Yet there never was a moment when great imperial and social interests demanded a more active and vigilant attention, and we scarcely need to be reminded by Mr. Goldwin Smith in his powerful essay that England is in presence of a crisis of no ordinary gravity. The augmentation of the navy, the administrative organisation of the army, the relations of the Queen's Government with the African Chartered Companies, the finances of India, the finances at home, the silver question, the increasing exactions of the Trades' Unions, and our foreign relations, all demand the firm grasp of a statesman of cool, collected, and comprehensive mind, in the full vigour of his powers; for these are questions immeasurably more important to the vital interests of the Empire than the speculative reforms which have absorbed. and wasted the whole time of Parliament.

At home we are confronted with a falling revenue, with a great trade depression. South of Yorkshire, the farmers have seldom had worse times than those they have lately experienced. We see workmen clamouring for work, for whom no work can be found. The great strife in the coal trade between capital and labour, causing the loss of many millions, and carrying distress into a multitude of other trades, seemed for a time likely to cause almost irreparable disaster to the great industries of the country. That strife has been patched up for the moment, rather than healed; and in a few weeks more it may be again renewed.

On the Continent of Europe, nations armed to the teeth are confronting each other. France and Russia have displayed, in a manner almost unprecedented, the warmth of sentiment that unites them. A Russian fleet appears to have become a permanent addition to the naval squadrons of the Mediterranean, at the very time that the public were surprised by the disclosure of the vast increase in recent years to the naval strength of France. Between France and England difficulties have occurred in the far East,

which might easily have given rise to something worse than strained relations. Whether those difficulties have been surmounted in a fashion satisfactory to England—whether our national prestige, so all-important to our position in Asia, has been upheld-and whether such arrangements have been arrived at as will secure future harmony between the rival powers, are matters of the first importance about which, as yet, the Ministry has given us no information.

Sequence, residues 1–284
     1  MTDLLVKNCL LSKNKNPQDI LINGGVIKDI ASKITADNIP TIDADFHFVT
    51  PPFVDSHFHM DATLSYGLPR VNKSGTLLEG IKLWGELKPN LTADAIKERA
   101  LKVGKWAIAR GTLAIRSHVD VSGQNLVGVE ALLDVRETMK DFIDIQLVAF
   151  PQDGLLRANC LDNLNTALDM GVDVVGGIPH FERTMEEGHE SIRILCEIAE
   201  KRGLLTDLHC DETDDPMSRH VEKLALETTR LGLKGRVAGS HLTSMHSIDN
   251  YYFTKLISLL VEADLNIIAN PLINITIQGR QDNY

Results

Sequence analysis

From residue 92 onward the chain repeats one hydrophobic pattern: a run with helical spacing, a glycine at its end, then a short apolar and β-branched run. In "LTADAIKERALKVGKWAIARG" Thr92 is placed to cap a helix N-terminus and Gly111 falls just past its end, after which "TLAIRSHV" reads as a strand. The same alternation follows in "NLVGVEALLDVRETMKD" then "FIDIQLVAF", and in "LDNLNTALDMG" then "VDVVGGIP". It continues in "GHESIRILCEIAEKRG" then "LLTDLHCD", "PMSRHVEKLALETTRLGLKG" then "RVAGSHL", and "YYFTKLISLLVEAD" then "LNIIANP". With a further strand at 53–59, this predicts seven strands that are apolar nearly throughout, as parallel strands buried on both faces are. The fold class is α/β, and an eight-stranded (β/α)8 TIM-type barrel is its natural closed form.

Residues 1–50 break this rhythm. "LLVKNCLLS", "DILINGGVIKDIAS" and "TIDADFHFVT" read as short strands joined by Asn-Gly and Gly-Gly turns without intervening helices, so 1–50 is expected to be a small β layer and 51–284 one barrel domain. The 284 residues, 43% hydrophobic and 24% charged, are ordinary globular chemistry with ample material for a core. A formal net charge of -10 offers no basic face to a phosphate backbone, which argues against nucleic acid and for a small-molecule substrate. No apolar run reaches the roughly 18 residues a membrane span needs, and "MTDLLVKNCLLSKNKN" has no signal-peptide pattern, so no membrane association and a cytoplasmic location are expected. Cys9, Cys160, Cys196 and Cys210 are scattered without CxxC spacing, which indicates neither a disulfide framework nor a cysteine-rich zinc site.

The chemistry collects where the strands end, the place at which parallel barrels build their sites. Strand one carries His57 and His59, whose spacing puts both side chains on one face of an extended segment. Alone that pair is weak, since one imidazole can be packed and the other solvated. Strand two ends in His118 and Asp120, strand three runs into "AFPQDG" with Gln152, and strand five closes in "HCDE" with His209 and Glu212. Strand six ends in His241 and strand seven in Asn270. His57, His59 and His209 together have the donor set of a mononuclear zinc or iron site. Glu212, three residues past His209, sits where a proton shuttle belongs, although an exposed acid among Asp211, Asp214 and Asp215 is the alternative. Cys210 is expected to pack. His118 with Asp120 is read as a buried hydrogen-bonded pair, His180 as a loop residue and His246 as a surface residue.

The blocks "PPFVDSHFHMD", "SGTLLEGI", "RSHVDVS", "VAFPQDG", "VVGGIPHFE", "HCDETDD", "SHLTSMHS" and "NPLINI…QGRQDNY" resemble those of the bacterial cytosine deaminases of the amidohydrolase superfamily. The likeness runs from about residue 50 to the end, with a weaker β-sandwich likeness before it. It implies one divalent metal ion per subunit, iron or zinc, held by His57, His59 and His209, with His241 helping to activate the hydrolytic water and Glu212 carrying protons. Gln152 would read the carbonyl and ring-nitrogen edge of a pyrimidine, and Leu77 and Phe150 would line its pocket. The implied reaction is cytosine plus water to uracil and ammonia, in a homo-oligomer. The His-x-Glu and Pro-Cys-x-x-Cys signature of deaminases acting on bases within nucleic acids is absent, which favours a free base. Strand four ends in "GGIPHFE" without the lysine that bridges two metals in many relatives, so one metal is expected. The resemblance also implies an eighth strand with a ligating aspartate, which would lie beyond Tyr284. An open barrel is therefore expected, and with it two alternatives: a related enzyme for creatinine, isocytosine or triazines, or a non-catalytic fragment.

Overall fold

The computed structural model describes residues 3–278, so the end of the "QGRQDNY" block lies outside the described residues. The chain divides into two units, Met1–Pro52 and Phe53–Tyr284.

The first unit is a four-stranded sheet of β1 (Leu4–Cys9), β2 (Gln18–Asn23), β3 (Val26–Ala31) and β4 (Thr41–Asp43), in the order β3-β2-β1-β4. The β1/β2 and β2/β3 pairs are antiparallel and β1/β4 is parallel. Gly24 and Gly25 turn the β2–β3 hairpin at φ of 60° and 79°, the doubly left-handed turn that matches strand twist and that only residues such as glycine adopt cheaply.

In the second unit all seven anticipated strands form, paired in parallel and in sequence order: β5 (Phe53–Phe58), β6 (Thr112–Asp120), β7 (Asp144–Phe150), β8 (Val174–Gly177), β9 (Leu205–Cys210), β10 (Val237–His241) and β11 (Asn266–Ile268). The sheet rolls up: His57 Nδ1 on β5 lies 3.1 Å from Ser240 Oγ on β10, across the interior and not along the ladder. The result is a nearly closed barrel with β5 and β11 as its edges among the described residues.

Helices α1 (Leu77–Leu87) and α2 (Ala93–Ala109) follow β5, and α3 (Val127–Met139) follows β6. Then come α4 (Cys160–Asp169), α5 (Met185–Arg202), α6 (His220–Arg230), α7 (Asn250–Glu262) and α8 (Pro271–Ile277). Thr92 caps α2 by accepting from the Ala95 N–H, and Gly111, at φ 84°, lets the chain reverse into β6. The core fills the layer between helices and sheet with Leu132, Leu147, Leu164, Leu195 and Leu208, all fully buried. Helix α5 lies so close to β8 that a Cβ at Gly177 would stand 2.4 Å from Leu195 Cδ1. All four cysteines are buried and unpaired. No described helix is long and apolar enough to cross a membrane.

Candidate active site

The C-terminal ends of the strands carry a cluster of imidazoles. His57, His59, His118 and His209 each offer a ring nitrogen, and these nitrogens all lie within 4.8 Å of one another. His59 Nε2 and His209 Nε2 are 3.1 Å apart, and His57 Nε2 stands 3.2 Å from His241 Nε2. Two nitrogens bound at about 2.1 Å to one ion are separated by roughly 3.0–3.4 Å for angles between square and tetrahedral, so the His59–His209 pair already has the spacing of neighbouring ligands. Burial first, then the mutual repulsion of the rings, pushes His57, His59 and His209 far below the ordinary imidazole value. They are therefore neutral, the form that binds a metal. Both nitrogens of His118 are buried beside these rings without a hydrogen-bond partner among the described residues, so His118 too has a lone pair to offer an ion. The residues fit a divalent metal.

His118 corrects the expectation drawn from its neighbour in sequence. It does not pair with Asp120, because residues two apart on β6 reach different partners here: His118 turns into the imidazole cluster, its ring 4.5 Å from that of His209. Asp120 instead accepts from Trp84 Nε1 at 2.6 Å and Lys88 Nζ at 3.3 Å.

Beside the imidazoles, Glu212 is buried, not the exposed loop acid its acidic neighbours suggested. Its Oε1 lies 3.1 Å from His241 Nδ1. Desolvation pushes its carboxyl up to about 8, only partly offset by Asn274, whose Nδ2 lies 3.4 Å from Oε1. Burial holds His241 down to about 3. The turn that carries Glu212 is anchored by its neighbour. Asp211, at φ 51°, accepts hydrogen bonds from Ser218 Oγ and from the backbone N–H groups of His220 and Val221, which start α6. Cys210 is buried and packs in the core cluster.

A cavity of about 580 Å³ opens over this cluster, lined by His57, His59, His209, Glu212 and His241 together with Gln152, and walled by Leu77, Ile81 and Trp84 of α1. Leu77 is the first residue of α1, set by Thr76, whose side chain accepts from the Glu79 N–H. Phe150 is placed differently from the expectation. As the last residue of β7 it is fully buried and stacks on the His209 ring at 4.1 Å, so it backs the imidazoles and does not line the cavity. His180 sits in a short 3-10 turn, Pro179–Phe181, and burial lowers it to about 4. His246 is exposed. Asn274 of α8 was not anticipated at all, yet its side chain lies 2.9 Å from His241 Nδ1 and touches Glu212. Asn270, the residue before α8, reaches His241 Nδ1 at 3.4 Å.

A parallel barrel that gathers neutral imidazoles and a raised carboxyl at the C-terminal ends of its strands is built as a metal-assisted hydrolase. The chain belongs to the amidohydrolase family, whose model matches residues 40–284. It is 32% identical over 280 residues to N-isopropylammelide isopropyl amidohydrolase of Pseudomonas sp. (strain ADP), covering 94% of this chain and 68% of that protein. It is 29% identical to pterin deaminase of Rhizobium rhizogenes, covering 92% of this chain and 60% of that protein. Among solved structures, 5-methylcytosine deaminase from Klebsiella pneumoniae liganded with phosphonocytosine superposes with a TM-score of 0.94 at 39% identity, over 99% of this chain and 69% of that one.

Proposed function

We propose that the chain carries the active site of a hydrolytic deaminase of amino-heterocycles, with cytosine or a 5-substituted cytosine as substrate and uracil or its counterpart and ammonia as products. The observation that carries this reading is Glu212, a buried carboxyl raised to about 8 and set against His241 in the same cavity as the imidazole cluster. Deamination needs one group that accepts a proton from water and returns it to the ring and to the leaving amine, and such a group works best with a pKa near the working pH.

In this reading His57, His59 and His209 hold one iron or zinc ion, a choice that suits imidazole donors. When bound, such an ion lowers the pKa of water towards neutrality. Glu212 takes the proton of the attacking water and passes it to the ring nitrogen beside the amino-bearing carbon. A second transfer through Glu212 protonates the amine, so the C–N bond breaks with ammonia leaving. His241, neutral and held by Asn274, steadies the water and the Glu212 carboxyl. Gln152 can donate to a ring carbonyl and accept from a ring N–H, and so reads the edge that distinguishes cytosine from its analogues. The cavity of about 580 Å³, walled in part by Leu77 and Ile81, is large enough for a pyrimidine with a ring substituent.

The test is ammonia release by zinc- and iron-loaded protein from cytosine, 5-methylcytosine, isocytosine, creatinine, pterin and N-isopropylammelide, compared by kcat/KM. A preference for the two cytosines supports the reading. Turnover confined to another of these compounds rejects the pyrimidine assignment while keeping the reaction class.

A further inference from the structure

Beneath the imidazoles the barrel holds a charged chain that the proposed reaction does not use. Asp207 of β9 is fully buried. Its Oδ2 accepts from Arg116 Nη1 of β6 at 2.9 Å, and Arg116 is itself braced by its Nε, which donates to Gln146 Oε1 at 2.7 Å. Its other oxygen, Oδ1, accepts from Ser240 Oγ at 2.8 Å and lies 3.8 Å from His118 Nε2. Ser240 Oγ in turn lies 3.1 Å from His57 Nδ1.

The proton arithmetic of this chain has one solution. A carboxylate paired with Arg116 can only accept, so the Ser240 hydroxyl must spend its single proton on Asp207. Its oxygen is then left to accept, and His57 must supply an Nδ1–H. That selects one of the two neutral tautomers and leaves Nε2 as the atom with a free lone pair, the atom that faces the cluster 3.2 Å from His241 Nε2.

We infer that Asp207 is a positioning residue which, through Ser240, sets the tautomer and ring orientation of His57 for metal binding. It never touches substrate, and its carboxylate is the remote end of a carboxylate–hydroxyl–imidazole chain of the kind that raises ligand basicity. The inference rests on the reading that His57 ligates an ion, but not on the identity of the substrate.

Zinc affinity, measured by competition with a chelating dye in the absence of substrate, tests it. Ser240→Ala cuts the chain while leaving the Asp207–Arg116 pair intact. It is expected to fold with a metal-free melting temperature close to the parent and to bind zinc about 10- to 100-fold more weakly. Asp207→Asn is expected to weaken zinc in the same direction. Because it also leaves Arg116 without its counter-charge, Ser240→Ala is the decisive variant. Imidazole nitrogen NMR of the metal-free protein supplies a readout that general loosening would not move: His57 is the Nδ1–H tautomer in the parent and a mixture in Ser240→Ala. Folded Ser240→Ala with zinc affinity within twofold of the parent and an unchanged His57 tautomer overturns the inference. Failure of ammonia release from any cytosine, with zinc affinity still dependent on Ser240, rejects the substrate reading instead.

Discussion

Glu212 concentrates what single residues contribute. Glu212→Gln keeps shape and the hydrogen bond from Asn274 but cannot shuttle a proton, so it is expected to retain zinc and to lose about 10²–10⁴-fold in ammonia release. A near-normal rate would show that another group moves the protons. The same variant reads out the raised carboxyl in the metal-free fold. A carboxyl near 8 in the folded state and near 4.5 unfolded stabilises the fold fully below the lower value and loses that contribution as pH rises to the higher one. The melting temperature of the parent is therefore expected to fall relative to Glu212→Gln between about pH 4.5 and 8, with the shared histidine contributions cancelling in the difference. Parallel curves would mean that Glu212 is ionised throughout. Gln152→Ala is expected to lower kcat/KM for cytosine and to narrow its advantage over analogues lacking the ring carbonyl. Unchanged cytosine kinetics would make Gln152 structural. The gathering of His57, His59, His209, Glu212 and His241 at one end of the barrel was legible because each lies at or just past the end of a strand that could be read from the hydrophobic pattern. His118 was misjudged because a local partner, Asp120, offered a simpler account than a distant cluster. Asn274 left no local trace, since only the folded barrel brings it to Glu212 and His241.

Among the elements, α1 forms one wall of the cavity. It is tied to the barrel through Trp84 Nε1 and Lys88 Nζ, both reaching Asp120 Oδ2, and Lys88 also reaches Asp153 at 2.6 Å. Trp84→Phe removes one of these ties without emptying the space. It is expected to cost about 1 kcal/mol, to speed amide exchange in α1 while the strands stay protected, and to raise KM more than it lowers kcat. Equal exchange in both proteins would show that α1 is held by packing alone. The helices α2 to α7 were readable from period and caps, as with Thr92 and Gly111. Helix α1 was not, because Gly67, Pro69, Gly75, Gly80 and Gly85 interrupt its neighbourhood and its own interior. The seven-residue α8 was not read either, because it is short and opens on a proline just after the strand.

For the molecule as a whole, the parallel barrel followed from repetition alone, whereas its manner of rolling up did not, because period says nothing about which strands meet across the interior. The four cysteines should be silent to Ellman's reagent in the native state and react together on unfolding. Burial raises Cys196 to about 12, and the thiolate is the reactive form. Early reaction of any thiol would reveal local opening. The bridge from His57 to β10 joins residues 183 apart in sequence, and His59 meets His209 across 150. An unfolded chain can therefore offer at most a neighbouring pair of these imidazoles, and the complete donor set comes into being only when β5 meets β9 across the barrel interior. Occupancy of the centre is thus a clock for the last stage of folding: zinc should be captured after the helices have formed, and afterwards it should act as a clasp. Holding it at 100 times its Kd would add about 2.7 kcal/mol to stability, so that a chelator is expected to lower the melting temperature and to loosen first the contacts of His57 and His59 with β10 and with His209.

Mr. Gladstone and his Cabinet are supposed to enjoy the 'confidence of the House of Commons.' But, alas, it is in the House of Commons itself that the people have largely lost their trust! In the name of wonder, what is the meaning of this moral influenza which has attacked the House of Commons? What is the reason of its legislative paralysis? Why is it abdicating functions that belong to it as the great council of the nation? It was to Parliament, and to the House of Commons especially, that Englishmen used to turn when the political horizon was dark. But now men see only that their representatives have been labouring for the last eleven months with scarcely an intermission, at what? First of all, in endeavouring to found a new constitution upon the dreams of an octogenarian Prime Minister, and latterly in the more prosaic occupation of providing machinery to transact the local business of English parishes. In their first labour, though their exertions were gigantic, they naturally failed. In their last, though they have been toiling like galley slaves, they have not yet succeeded. What has come over the House of Commons? Has that famous assembly permanently descended from its high place, the greatest and wisest representative council which the world has seen? Is the House of Commons, after so many centuries of renown, to lose credit with Englishmen, for the reason a sufficient one, if it is true-that it no longer fulfils the functions which they have a right to expect from it? A House of Commons which, within the memory of more than one of its present members, has been three times reformed, which, much more than in the days of pre-reform parliaments, truly reflects the varied interests, aspirations, and prejudices of every section of the community! A House of Commons entirely free from every suspicion of that corruption which once cast so deep a shadow over its good name! A House of Commons chosen by electors, effectually protected from those influences of intimidation and direct bribery, in former times such potent factors in its constitution! A thoroughly representative House of Commons, a pure House